Skip to navigation Skip to content Skip to footer

Appealing a tax credits decision at a tribunal

This advice applies to Northern Ireland

You can appeal to a tribunal if HM Revenue and Customs (HMRC) didn’t change their decision when you asked for a mandatory reconsideration. 

The tribunal is independent of HMRC and will be made up of 1 or 2 experts, for example a solicitor and an accountant. They’ll look at your evidence and hear what you have to say. They’ll also look at any evidence from HMRC and then make a decision. 

Before you appeal to a tribunal

You must ask HMRC to look at their decision again - called a ‘mandatory reconsideration’ - before you can appeal to a tribunal. See challenging a working or child tax credits decision for how to ask for a mandatory reconsideration.

When you should appeal to a tribunal

You should appeal to a tribunal if, after reading the reasons on the ‘mandatory reconsideration notice’, you still think:

  • you’ve been paid the wrong amount
  • you’ve been wrongly refused tax credits
  • your tax credits shouldn’t have been stopped
  • you were paid the correct amount and HMRC wrongly thinks you’ve had an overpayment 

The mandatory reconsideration notice is the letter from HMRC with ‘About your mandatory reconsideration’ written at the top. You’ll need to send a copy of this notice when you ask for an appeal.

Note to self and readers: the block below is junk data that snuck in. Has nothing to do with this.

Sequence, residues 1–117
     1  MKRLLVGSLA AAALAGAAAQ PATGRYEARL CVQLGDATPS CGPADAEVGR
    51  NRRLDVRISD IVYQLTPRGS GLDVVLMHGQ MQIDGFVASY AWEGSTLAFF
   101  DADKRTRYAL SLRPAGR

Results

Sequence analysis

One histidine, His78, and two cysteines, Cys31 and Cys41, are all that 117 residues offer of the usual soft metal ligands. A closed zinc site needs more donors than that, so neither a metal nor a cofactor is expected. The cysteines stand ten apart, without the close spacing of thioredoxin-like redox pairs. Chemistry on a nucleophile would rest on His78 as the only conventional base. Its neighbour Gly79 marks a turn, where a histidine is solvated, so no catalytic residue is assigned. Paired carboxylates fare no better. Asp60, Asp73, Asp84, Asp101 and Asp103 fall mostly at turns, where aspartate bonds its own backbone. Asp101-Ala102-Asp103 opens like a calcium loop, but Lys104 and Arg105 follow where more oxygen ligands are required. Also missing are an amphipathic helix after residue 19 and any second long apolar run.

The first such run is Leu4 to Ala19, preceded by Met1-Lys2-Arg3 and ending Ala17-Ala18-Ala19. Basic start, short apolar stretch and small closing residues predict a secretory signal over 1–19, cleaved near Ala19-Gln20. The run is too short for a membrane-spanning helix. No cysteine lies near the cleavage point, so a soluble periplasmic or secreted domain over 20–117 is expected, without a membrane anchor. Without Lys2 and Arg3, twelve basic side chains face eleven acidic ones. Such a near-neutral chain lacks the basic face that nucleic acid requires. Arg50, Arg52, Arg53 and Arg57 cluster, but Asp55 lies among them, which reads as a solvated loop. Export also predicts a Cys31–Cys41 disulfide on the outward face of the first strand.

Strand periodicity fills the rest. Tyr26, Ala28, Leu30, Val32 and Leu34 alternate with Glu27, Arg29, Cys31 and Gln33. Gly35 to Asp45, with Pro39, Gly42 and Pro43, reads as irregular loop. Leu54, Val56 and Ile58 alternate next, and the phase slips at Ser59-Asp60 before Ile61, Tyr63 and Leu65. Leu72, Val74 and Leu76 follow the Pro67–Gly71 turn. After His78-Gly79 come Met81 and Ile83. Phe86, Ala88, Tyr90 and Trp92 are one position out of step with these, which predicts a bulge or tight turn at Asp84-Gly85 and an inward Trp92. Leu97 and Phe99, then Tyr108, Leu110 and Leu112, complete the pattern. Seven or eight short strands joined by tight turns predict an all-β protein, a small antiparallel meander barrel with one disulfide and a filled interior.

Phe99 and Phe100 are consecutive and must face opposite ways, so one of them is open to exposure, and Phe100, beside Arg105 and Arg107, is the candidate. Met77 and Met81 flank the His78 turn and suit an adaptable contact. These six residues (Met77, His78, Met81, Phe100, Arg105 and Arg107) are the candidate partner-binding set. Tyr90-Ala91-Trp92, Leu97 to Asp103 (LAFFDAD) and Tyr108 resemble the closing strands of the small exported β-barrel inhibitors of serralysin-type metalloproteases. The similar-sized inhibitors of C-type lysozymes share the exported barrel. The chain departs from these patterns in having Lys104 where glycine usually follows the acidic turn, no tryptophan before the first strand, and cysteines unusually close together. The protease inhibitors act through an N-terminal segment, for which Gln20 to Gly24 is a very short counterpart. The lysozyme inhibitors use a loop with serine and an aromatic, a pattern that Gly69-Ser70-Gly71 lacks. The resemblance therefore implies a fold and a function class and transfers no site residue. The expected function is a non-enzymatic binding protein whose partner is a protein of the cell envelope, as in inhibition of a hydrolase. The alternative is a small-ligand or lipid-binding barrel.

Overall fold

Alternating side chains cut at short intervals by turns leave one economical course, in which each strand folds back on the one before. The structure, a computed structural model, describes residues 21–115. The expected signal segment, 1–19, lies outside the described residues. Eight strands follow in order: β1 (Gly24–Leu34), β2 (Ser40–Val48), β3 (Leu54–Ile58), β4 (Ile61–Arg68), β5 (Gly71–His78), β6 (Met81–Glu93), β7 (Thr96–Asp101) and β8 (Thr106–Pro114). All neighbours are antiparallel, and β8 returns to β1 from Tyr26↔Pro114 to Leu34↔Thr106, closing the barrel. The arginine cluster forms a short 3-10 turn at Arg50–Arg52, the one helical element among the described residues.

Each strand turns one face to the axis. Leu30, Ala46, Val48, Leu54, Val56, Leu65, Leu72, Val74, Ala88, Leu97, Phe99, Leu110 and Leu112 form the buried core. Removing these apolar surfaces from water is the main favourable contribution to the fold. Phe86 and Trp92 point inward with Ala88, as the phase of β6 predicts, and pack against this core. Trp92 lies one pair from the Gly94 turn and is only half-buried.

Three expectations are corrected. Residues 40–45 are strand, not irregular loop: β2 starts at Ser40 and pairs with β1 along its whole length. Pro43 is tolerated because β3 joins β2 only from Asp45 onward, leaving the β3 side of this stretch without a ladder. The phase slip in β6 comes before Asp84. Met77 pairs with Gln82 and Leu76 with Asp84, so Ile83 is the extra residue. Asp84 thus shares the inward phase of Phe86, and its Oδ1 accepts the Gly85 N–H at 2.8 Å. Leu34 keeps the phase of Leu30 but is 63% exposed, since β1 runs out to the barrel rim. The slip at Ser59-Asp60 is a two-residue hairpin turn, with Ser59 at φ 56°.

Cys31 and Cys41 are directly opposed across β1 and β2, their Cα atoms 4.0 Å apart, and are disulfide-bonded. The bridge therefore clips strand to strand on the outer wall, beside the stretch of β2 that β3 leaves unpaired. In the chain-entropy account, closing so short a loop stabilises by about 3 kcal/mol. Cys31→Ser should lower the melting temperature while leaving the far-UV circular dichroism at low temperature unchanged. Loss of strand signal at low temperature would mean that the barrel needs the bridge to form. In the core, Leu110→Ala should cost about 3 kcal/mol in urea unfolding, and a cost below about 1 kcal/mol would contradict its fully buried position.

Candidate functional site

The tribunal could decide to reduce your tax credits even more or increase your overpayment. For example, if your tax credits have stopped and there’s evidence they should have stopped even earlier. 

You should be sure you have a good chance of getting your tax credits increased  or your overpayment cancelled before you ask for an appeal. If you’re not sure, visit your nearest Citizens Advice for help.

Getting specialist help

You can get help from a Citizens Advice adviser at any point in the appeals process. They can help you:

  • fill in the form to ask for an appeal
  • understand any documents you’re sent
  • reply to any letters from the tribunal or HMRC
  • photocopy and post documents
  • prepare for the appeal hearing
Contact your nearest Citizens Advice to book an appointment. Take your mandatory reconsideration notice and original decision letter to your first appointment, if you can.

The Appeals Service (TAS) must get your appeal within 30 days of the mandatory reconsideration notice - so allow time for posting. You can find the date at the top of the notice. 

If you’ve missed the deadline

If it’s less than 13 months since the date of the mandatory reconsideration notice, you might still be able to appeal. You’ll need to have a good reason for the delay, for example:

The tribunal will extend the time you have to appeal if HMRC agrees you had a good reason. Even if HMRC doesn’t agree, the tribunal will extend the time if they think it was unfair of HMRC not to give you an extension. 

Filling in the appeal form

To ask for an appeal you’ll need to fill in the appeal form on the TAS website. The form guides you through what to include, but if you’re not sure about anything, contact your nearest Citizens Advice. An adviser can help you fill in the form. 

You can ask for an appeal by writing to TAS, but it’s better to use the form as it’s easier to include all the information TAS need. 

If you ask for an appeal in writing, write ‘Appeal’ at the top of your letter and include:

  • your full name
  • your National Insurance number
  • the date at the top of your mandatory reconsideration notice

HMRC should pass on any evidence you gave them for your mandatory reconsideration to the appeals service. You don’t need to send it again with your appeal form or letter.